Today's story in the New York Times
, "What Lara Croft Would Look Like if She Carried Rice Bags
," about the new "serious game" from the United Nations World Food Program
, Food Force
, shows how such games have managed to garner support from unlikely corporate sponsors, in this case from the beefy legions of the N.F.L.
In the game, a food crisis is brewing in exotic fictional "Sheylan," an island in the Indian Ocean much like Sri Lanka, which is suffering from the effects of global climate change, environmental degradation caused by the demands of an unsustainable regional economy, and an endemic civil war.
To minimize the crisis, the player can join a local nutritionist, a Brazilian pilot, a Nigerian food purchaser, or a ponytailed American logistics officer in Lara Croft boots and shorts. After a cursory briefing from the back of a bureaucrat's head and a depersonalized bank of video monitors, the player assumes the role of a U.N. rookie, armed only with a laptop.
With the exception of the truck driving ground logistics section, most of the tasks in Food Force required little dexterity or rapid reaction time. The Lara Croft character scolded me for my lousy roadside skills, but the other UN avatars were encouraging as I completed simple drag-and-drop manipulations of staple ingredients, shipping containers of food donations, and the components of a village master plan. Given the simplicity of the tasks, the choice to do any 3-D modeling of the virtual reality environment seemed a mismatch to the game's limited functionality. Variations of the same games in Flash exist on many government websites for children for considerably less development cost.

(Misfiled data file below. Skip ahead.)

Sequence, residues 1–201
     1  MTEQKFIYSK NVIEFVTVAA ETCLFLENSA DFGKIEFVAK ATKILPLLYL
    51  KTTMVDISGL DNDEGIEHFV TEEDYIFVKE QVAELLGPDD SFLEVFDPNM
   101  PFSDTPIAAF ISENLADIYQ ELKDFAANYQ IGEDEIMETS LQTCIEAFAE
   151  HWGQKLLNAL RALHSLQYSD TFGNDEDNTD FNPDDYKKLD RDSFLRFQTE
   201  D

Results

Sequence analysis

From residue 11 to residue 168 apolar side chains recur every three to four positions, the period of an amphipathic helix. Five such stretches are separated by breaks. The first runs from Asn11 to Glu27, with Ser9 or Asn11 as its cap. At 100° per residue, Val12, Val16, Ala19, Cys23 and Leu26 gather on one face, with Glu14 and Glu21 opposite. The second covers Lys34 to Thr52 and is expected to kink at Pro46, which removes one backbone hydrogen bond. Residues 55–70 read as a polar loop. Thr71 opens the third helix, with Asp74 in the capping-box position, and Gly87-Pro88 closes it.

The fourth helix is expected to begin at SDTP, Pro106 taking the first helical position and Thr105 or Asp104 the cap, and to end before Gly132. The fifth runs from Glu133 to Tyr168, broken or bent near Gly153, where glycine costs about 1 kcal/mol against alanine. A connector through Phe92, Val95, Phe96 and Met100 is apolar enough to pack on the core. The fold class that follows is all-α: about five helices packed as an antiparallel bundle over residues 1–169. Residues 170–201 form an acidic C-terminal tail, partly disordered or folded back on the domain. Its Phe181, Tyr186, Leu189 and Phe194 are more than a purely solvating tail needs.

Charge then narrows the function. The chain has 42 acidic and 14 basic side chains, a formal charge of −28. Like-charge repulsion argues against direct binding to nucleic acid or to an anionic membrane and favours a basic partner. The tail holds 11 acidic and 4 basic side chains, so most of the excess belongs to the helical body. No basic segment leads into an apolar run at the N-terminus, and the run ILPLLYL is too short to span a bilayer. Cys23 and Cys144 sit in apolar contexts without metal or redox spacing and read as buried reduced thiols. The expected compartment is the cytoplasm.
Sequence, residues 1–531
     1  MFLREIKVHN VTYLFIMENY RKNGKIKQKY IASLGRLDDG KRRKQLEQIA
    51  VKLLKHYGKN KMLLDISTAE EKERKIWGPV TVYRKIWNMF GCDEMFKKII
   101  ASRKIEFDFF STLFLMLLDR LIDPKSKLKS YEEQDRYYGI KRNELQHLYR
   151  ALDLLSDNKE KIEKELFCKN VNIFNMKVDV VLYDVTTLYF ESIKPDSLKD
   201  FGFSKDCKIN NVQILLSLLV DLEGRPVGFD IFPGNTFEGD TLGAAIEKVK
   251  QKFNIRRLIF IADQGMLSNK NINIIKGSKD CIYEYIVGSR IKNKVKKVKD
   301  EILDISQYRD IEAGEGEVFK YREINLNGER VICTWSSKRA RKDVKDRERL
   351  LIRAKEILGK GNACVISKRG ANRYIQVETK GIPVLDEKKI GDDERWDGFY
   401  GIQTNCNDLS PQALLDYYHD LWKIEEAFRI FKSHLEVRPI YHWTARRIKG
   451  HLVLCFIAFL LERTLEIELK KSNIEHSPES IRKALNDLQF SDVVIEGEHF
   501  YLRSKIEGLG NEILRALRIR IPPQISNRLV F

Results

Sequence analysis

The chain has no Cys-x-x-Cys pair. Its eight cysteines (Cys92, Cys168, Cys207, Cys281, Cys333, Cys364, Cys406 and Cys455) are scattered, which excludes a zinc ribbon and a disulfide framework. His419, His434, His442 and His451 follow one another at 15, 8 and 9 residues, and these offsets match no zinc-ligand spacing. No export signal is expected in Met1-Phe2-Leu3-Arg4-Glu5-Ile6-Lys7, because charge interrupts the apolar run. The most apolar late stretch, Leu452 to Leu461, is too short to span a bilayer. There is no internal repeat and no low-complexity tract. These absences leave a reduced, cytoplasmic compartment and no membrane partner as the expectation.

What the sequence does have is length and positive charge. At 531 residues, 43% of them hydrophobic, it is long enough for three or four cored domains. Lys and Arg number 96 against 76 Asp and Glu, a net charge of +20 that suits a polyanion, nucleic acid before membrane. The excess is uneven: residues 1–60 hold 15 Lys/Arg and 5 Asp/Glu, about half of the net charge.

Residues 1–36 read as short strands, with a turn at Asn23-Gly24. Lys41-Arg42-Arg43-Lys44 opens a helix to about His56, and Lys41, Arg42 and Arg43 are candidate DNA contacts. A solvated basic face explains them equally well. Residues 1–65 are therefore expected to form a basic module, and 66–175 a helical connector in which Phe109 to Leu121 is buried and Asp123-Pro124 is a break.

Food Force signals both "the game" and "the reality" of hunger in the headings on its main navigation bar. Ironically, the "reality" site often presents a more facile and less chaotic view of hunger crises around the globe than the game's gritty low-rez playscape. For example, the "reality" portion includes a photo gallery
with only upbeat images of relief workers and grateful recipients.
(As a prime example of efficiency in information design, I am always partial to maps, but I thought that even the interactive map
of Food Force gave relatively little information about the complex economic and political factors that contribute to widespread hunger.)
There are other ways that hunger is wearing a corporate brand. A visits to the homepage of US AID (one of the few federal government pages with no children's website) shows how carefully the branding of US AID is policed on their website, with approved typefaces, colors, and compositions specified, and heterodox variations marked out for graphic shame.
The directives on imagery from US AID are particularly doctrinaire about the acceptable visual rhetoric for appeals for aid programs, as can be seen in the instructions below. (Click image to enlarge.) So, please no images of famine or genocide that "showcase despair."
Those interested in other U.S. branding efforts might find this site well worth visiting: America Supports You. These graphic materials, which are hosted on a U.S. military website, present easy-to-print logos for ball caps, coffee cups, t-shirts, and grocery bags.
Of course, the graphic standards manual of America Supports You warns against funny business like making the word "You" larger than "America" or "Supports" or the wise-acre use of green instead of the official blue on the heaving chest ribbon with the dog tag.
In other words, official government websites do much more than simply present a distinctive approach to visual rhetoric in their graphical displays of political ideology; now they also regulate possible counterfeit or otherwise illegitimate uses of the brand.
Labels: serious games